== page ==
Pandan—a tropical plant with long, spear-like leaves—infuses this light and fluffy cake with its distinctive herbal flavor, jasmine-like aroma, and light green color. This variation of the chiffon cake is popular in Indonesia, Malaysia, and Singapore, where pandan is plentiful and found in many desserts and drinks.
In the United States, frozen pandan leaves are easier to find than fresh (in most Asian supermarkets). They can also be easier to work with. To extract the juice, give it a quick blitz in a food processor and wring it through a cheesecloth. The fresh stuff is so much more fragrant than bottled pandan extract, which is missing the juice’s delicate herbal flavor.
The cake is fantastic on its own or topped with freshly whipped cream and fruit. For extra credit, use the extra egg yolks and leftover coconut milk to make pandan kaya custard, another popular Southeast Asian treat. A few dollops of this stuff on the pandan cake is heaven.
What Does Pandan Cake Taste Like?
The cake itself is a basic chiffon cake with a soft and pillowy texture. The star of pandan cake, however, is pandan, a dark green and fragrant leaf known as screwpine. The aromatic, slightly grassy extract of this plant is used in desserts and drinks all over Southeast Asia in a similar way that vanilla is used in the West.
Key Ingredients in Pandan Cake
There are a handful of essential ingredients that go into making pandan cake.
This low-protein flour gives pandan cake its super-soft and light-as-air crumb. If you don’t have it and don’t want to buy any, it’s easy enough to hack using all-purpose flour and cornstarch. For every cup of flour, substitute 2 tablespoons with cornstarch and sift together well.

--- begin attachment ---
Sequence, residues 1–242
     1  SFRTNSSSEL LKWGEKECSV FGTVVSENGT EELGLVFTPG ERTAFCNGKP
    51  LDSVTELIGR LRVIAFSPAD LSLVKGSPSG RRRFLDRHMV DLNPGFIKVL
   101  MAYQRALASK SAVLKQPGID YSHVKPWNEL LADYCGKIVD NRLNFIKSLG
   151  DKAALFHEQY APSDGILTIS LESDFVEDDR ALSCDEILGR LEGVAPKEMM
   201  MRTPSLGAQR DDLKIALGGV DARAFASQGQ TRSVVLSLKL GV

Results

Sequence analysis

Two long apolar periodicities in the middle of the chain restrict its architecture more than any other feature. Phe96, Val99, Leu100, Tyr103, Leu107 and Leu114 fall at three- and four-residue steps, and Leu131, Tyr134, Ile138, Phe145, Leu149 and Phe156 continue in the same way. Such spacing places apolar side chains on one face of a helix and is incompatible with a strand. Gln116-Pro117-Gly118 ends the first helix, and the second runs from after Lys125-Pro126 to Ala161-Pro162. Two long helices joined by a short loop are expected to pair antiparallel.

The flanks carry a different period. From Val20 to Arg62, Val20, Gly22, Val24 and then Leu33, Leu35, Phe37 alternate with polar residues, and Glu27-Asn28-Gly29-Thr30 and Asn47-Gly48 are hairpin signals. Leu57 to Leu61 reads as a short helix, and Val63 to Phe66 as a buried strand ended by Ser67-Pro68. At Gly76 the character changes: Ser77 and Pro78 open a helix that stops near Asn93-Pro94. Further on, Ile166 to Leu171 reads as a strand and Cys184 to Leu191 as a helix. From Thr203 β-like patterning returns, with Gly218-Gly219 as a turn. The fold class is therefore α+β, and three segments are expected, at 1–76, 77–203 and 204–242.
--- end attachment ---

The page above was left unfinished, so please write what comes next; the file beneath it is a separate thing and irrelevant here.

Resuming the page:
There are 10 eggs in this recipe. And while the yolks provide a good amount of richness and flavor, the whites do most of the heavy lifting. Whipping the egg whites into a meringue and folding it into the batter is the secret to the cake’s spongey texture and sky-high height.
Blitz pandan leaves with a little water to extract its aromatic and gorgeous green color. Doing this yourself, rather than using store-bought extract, ensures a lovely, fresh aroma and light-green hue in the cake, whereas the premade stuff has often lost its smell and has added dye and possibly other artificial flavorings.
Rarely is there a pandan dessert that doesn’t also have coconut. The two go hand-in-hand, like peanut butter and chocolate. Coconut is used in two ways in this cake, but both are very subtle. A couple of spoonfuls of dried coconut act almost like citrus zest, giving the cake’s herbaceous fragrance some sweet nuance. And coconut milk adds flavorful moisture.
The right equipment and a few specific techniques will help your chiffon cake reach new heights.
1. Use a tube pan. Also known as an angel food cake pan, this pan with a tunnel running through its center is uncoated and gives the batter something to grip and climb as it rises. A Bundt pan or a nonstick pan will cause your cake to sink and flop.
2. Cool it upside down. Turning the cake upside-down and letting it cool in the air is certainly one of this cake’s quirks, but it’s key to setting its airy height and preventing it from collapsing.
3. Whisk in the meringue. Rubber spatulas can deflate meringue too much as you’re folding it into the batter. Instead, use a large balloon whisk, which won’t break up the meringue as much.
- 4 ounces thawed frozen pandan leaves (about 50)
- 1/2 cup water
- 10 large eggs
- 2 1/2 cups cake flour
- 1 1/2 cups granulated sugar, divided
- 2 tablespoons unsweetened desiccated coconut (optional)
- 2 teaspoons baking powder
- 1/2 teaspoons kosher salt
- 1/2 cup canned or boxed unsweetened coconut milk